April, 1994

"To see a world in a grain of sand
and a heaven in a wildflower
Hold infinity in the palm of your hand
and eternity in an hour?"

William Blake

(It's been decades since I graduated. After all this time, I've decided to pick out a few things of interest to me and dump the rest...). It's for the best.


Human beings have a long and rich history of creating sacred places. From Anasazi kivas to Gothic cathedrals,. . . man has built an environment to suit his spiritual needs. For a lot of people, the ancient traditions are still a powerful source of inspiration, but for some, although still valuable, they lack a modern perspective. As Joseph Campbell said, "We in the West have named out God; or rather, we have had the godhead named for us in a book from a time and place that are not our own". In my sanctuary I am attempting to create a space for our own time, based on what I perceive our needs to be.

In this sanctuary, the accent is on interactive experience gained through exploration of the space. Joseph Campbell, an expert on mythology, said people need to seek out "one's own experience: not [have] faith in someone else's". This sanctuary requires the participant to physically search the space with a small flashlight for objects, textures and images that allude to the mystery of life on earth, and beyond. The limited length of the flashlight beam demands a closer scrutiny of the space and increases the intimacy within the structure. One can not merely shuffle along a traditional museum wall and view the area. Our culture has transformed us into passive viewers and insatiable consumers. We watch TV, listen to the radio, watch sports with religious devotion, and passively glide through galleries and museums, consuming information, but gaining no experience. However, in this installation, the idea of the traditional viewer is obsolete.

It is difficult to talk about specific areas or images since the environment will not be completed until I actually install it. This is the riskiest project I have ever undertaken. There were three main stages in the construction phase. Each phase took on its own personality throughout the process, and I was worried about unifying all three stages. This attempt to totally unify all three stages was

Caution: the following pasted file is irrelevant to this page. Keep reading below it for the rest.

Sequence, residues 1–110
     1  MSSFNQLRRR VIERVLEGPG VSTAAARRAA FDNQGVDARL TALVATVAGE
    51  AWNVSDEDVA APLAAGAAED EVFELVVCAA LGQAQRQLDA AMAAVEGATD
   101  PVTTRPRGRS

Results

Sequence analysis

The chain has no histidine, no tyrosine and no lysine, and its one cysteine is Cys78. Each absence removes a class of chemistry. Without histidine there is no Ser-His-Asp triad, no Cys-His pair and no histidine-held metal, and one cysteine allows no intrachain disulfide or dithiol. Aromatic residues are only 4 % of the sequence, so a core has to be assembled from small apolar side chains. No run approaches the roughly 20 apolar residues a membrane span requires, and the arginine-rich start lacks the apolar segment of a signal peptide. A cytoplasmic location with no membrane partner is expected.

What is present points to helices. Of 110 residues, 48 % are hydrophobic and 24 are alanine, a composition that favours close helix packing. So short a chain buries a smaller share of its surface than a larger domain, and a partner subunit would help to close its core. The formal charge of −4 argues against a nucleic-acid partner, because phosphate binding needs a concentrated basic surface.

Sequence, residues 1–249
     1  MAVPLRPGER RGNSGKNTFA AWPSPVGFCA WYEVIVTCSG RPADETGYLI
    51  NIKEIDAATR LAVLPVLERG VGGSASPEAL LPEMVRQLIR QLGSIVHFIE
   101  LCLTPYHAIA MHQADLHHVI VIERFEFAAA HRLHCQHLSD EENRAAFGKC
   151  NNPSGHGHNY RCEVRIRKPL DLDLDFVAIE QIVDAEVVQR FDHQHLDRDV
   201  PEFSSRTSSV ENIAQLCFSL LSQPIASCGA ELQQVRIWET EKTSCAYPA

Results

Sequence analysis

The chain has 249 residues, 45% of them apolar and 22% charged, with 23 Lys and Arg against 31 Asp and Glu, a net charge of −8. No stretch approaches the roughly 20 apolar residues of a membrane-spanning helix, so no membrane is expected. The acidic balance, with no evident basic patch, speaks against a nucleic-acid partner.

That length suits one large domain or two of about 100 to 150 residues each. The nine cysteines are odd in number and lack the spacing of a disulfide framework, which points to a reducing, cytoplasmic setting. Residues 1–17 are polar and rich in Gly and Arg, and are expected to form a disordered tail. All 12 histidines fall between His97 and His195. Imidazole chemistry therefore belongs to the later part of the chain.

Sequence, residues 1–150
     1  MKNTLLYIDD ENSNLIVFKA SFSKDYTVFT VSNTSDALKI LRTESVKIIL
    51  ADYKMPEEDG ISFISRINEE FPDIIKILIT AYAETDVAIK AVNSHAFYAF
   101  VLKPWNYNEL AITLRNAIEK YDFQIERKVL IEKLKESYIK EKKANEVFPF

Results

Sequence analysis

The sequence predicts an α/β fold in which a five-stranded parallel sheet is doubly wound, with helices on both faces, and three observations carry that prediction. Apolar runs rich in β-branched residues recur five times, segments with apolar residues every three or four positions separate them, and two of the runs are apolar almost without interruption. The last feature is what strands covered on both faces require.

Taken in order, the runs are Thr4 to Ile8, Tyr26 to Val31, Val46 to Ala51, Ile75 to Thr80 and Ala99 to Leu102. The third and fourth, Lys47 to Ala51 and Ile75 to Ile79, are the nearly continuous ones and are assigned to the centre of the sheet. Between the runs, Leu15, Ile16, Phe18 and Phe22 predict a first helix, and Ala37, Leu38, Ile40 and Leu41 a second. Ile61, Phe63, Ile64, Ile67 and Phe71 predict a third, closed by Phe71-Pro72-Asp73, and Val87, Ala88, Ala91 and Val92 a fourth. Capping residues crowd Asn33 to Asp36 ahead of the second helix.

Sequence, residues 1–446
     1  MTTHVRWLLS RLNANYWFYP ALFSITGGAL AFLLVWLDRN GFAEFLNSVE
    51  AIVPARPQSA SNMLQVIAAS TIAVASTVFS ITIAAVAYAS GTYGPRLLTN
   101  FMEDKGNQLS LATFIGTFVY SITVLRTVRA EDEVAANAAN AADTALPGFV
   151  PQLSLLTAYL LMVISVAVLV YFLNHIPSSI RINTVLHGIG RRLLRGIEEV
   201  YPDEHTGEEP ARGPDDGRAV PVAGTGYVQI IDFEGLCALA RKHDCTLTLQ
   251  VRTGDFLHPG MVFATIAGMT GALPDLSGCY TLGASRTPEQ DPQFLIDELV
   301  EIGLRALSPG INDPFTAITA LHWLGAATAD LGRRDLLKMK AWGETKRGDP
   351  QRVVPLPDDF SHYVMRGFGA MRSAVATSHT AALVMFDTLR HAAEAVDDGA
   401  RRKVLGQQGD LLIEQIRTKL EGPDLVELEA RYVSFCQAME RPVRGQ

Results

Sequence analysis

severely limiting the possibilities of new ideas finding their way into the piece. This created a wide range of emotions which included frustration and fear, punctuated by
feelings of anger, entrapment, and futility. Unless I wanted to feel like this for the whole year, I had to surrender some control of the outcome to chance and trust the process of art and my intuition. Therefore, the outcome will very likely be a mixed bag of successes and failures.

Texture is of utmost concern. That is why I choose to keep the natural achromatic quality of the clay and paper mixture. The small amount of color that is present will be a surprise, since in the
muted light of the space the color cannot be seen until a beam of light directly hits the object.

The traditional materials for sculpture are stone, wood, clay and metal. I'm using all of those materials in this structure. Wood and metal provide the structural support and integrity, but their presence is not hidden. Stone is present in small amounts, both in its natural state and also transformed by human machines. The use of clay was the most challenging aspect in this project. The problem was how to manipulate the media of choice to do what I wanted it to do. Mixing paper pulp with the clay was the answer. This provided me with an extremely versatile medium. I could build small or large, fire it or not, and with the added help of muslin, create large, sturdy sheets of clay.

Clay is an inorganic substance, but to me, it brings everything to life. Man attempts to answer the fundamental questions "Who am I?", "Where did I come from?" and "Where am I going?" through religion, art, and science. It is my belief that in order to survive we must find a way to integrate religion, art and science into a new set of beliefs which will guide us through the twenty first century and beyond. Albert Einstein believed God "to be essentially the sum total of the physical laws which describe the universe" (Broca's Brain, p. 330). The physical laws of the universe created us from the atoms of dead stars. New scientific evidence suggests clay may have acted as a catalyst to form RNA (Ribonucleic Acid), a molecule that controls chemical activity within cells. Thus began our creation myth. What a rich history all living things share in this evolutionary journey! This sanctuary is a repository for my interpretaion of the basic building blocks of life that are present on earth, and are abundant in the universe as well.



Last update: December 2021 - Milwaukee, WI